Removal of strontium batteries posing radiation hazards


All 180 radioactive strontium batteries (RTGs) in lighthouses in Northwest Russia have now been removed and secured as a consequence of Norwegian-Russian cooperation and funding from Norway. The removal and safe disposal of RTGs and their replacement with solar panel technology in Northwest Russia is a priority area under the Norwegian Nuclear Action Plan.

The last of the remaining radioactive strontium batteries was removed on September 1st from a lighthouse on the Island of Vaigach. State Secretary in the Norwegian Ministry of Foreign Affairs, Elisabeth Walaas, the Norwegian Radiation Protection Authority’s Director General, Ole Harbitz, and the County Governor of Finnmark, Gunnar Kjønnøy, visited Vaigach together with a Russian delegation to overlook the removal.

An RTG (radioisotope thermoelectric generators) is a radioisotope device which transforms thermal energy from the decay of radioactive material into electricity.

In the former Soviet Union, approximately 1000 such energy sources were installed, most of them in lighthouses and navigational beacons. Around two-thirds of them have now been removed. A lack of physical security for the energy sources makes them easily accessible to intruders. A number of attempted thefts in recent years have shown that the radioactive sources can go astray. By removing the sources and replacing them with solar cell technology, the danger of contaminating the environment as well as of them going astray is reduced. RTGs are categorized by the International Atomic Energy Agency (IAEA) as radioactive sources with highest amounts of radioactivity and therefore highest risk.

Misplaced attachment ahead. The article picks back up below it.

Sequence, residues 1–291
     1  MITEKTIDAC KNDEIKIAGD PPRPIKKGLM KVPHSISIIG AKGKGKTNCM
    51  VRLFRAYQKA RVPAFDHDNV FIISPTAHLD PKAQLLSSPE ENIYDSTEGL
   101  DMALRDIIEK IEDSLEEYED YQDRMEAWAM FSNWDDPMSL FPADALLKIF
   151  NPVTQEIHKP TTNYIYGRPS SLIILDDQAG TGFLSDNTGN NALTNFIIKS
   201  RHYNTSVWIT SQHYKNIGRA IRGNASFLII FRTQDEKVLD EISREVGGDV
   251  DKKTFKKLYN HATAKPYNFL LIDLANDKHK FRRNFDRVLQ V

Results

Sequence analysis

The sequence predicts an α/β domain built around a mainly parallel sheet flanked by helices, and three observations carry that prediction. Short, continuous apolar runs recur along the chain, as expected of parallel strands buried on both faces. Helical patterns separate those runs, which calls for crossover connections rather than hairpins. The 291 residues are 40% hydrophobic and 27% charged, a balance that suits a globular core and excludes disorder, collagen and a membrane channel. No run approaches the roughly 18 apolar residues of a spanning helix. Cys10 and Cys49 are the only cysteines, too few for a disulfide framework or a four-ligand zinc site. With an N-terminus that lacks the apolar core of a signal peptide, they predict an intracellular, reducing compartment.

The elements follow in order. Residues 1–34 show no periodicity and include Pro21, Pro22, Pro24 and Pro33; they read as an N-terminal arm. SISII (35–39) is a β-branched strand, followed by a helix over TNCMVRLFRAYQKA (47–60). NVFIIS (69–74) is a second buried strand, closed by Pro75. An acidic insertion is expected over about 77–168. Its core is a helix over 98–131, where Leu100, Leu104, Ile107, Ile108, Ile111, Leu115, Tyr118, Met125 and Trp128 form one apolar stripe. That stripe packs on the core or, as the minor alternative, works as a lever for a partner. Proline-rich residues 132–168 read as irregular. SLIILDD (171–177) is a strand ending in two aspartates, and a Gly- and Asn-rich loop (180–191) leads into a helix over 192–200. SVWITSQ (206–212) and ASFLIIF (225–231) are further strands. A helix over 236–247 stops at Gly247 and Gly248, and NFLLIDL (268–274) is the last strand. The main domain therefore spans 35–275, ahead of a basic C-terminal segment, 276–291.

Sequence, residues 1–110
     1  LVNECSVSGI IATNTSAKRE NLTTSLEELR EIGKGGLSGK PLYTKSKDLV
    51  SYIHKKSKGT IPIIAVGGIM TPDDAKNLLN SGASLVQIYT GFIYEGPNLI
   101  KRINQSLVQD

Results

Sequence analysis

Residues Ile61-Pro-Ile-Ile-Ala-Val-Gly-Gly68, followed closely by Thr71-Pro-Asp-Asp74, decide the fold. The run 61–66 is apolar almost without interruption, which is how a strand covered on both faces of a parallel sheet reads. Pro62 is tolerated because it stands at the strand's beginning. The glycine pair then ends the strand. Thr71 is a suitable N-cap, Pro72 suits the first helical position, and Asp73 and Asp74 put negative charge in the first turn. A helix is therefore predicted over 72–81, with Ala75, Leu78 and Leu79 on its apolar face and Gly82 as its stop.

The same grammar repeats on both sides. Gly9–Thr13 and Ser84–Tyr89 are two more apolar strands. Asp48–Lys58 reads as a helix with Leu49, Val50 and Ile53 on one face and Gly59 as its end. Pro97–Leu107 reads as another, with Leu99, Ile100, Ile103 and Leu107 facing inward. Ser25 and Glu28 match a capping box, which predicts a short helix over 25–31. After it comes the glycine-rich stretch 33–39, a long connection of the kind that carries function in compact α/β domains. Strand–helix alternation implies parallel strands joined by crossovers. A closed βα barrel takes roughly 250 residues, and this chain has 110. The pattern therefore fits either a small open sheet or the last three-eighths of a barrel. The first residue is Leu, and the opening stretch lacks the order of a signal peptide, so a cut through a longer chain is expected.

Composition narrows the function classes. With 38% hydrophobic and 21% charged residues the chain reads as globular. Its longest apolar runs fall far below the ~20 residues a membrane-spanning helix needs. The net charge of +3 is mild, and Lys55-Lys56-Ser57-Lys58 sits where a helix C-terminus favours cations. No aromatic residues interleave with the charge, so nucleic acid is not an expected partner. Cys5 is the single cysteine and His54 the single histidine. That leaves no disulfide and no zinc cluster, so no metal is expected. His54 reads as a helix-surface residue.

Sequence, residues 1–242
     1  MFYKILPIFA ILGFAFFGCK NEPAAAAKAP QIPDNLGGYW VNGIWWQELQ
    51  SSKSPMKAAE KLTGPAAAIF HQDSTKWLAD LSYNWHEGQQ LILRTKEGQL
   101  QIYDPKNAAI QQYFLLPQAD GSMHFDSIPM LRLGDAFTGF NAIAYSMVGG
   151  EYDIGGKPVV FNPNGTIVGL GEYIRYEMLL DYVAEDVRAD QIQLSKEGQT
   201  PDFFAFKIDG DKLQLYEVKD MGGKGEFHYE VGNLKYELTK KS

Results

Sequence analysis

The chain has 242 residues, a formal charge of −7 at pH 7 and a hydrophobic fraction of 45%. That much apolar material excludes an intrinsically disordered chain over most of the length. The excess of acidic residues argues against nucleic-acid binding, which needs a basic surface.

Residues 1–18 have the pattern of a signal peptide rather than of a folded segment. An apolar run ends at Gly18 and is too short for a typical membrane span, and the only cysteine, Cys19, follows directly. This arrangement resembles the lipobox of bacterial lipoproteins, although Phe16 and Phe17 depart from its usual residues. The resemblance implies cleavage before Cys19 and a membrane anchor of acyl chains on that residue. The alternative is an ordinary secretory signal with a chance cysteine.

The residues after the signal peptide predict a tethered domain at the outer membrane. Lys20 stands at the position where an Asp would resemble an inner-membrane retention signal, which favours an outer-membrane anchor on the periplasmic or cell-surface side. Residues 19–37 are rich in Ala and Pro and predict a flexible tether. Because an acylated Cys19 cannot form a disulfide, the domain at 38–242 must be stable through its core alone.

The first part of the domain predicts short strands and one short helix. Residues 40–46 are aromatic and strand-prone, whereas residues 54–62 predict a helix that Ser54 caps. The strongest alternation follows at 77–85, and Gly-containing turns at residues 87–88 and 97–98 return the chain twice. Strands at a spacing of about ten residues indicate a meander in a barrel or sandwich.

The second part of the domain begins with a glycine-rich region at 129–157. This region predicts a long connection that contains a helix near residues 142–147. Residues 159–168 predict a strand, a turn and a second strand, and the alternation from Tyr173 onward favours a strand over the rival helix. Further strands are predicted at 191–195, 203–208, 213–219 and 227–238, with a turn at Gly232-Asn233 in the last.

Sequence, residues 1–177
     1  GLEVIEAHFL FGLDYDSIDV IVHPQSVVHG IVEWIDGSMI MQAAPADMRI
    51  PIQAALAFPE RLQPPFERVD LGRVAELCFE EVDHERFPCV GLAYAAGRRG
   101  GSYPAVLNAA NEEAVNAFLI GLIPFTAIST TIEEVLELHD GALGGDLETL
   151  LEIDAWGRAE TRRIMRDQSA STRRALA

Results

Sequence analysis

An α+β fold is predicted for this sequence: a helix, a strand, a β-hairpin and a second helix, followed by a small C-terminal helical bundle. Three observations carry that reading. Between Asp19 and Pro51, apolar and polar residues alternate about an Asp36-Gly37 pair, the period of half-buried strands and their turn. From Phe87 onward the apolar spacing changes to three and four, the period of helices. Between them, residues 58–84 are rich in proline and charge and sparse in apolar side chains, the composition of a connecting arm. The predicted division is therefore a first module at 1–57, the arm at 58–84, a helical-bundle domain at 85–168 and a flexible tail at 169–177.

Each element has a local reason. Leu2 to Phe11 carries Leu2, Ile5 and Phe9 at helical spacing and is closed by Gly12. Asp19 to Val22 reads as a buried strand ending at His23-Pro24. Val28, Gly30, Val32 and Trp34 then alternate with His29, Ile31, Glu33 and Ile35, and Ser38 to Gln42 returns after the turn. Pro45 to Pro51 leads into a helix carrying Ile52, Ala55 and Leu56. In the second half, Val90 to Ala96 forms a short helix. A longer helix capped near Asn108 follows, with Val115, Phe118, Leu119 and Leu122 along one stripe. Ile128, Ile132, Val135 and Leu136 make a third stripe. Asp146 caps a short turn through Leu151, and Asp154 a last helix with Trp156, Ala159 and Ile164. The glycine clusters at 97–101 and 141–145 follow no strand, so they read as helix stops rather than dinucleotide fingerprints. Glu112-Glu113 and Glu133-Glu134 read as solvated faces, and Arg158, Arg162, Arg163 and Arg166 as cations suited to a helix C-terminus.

In 2005, a Memorandum of Understanding was signed by the Norwegian Ministry of Foreign Affairs and the Federal Atomic Energy Agency of the Russian Federation. This provided the basis for the provision of funds by the Norwegian Ministry of Foreign Affairs for the dismantling of all RTGs in lighthouses in the counties of Murmansk, Arkhangelsk and the Nenetsk Autonomous Area (including Novaya Zemliya), and their replacement by solar panels or other alternative power supplies. Now, all 180 RTGs in these areas have been removed and secured. The project manager from the Norwegian side was the County Governor of Finnmark and from the Russian side, the Murmansk Regional Administration.

Norway and Russia will continue the work in the Baltic sea. 71 RTGs will be removed from lighthouses in the Gulf of Finland and the coast of Kaliningrad in the period 2009-2012. Finnland and France will also contribute to this work.

Inquiries to:  Head of section Ingar Amundsen, Norwegian Radiation Protection Authority, phone: + 47 920 46 233